Is there not one class who may justly be denominated worldly Christians ? Christians whose ruling passion is temporal aggrandizement; who seek primarily the promotion of their temporal interests, and act prevailingly from temporal motives? If so, they do not conform to the principles of Christ Jesus. For he did not command his disciples to love themselves supremely, and this world as themselves. He did not direct them to seek first the kingdom of earth, with its pleasures and riches and honors. Neither did he encourage such conduct by his example. He did not seek his own glory and interest. He did not go about doing his own work. He did not perform miracles to supply his own wants, to promote his own ease and comfort, or to acquire temporal power and applause. He did not live a life of labor and poverty, reproach and persecution, suffering and sorrow, and at last submit to an ignominious and excrutiating death, solely for his own benefit. No. He loved his God supremely, and his fellow men as himself. And by these fundamental principles he regulated all his conduct, thus leaving a perfect example for our imitation. If then we act upon these principles, and imitate this example, we prove ourselves to be his true disciples; and in this way, we shall form christian characters, and become qualified for heavenly felicity.

But if we act from motives of sordid selfishness, and imitate the example of the unprincipled, we shall neither exhibit christian morality, nor be fitted for celestial pleasures. This is perfectly clear. For we are immortal beings. Our characters must therefore be formed, not merely for this short life, but for the never ending existence of eternity. Unless they are formed with a reference to this state, they will not be fitted for its enjoyments. They may serve after an imperfect manner for this vain scene ; but they will fail us on our entrance upon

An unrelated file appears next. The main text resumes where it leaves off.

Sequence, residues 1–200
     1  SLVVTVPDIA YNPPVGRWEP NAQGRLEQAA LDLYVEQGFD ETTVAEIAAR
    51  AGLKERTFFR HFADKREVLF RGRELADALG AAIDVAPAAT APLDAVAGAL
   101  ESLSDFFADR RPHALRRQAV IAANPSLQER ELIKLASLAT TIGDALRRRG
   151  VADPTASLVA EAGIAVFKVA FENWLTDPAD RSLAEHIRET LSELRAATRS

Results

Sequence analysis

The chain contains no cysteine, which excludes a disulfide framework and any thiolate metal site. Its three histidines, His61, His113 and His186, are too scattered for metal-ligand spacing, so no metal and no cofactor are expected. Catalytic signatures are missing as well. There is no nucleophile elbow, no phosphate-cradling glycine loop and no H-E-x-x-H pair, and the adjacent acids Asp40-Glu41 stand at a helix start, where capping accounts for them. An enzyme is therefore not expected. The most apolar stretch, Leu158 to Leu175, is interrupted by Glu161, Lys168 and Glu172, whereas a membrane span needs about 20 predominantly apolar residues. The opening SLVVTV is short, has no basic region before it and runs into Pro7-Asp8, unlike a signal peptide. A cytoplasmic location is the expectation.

another world. For character is composed of all the motives, dispositions, actions, and habits of our whole life. It is then absolutely necessary that we should act from christian principles. And in all our plans and proceedings, we should inquire, not

merely, whether such an action or such a course of conduct will be best adapted to promote our temporal prosperity, our riches and influence and distinction ; not merely whether it will be easy and popular and fashionable and agreeable to our selfish inclinations; but whether it be right in itself, in accordance with the christian standard, and beneficial to our soul's eternal welfare. For if we are governed by merely temporal considerations; if we are chaste and temperate only to avoid public exposure and disgrace ; if we are benevolent only when urged by custom or importunity; if we call upon God only in trouble and distress; if we attend to the exercises of religion only in compliance with habit or a love of display; if we thus act, our motives are unchristian. And if we do these things to promote our temporal interests, we have our reward. We had better act from these defective principles, than do worse,—than omit the performance of such actions. But we must be convinced, that character, founded on these changing principles of fashion, popularity, pleasure and interést cannot be adapted to that future state, into which such principles can find no admission. If then, we would form such characters as will not only render us truly useful and happy here, but insure our eternal felicity, we must form them on the unchangeable and everlasting principles of the gospel. If we would prove ourselves the true friends of Jesus, we must not only endeavor to do right-in all things, but also aim to act uniformly from christian motives; for if we do otherwise, notwithstanding our professions,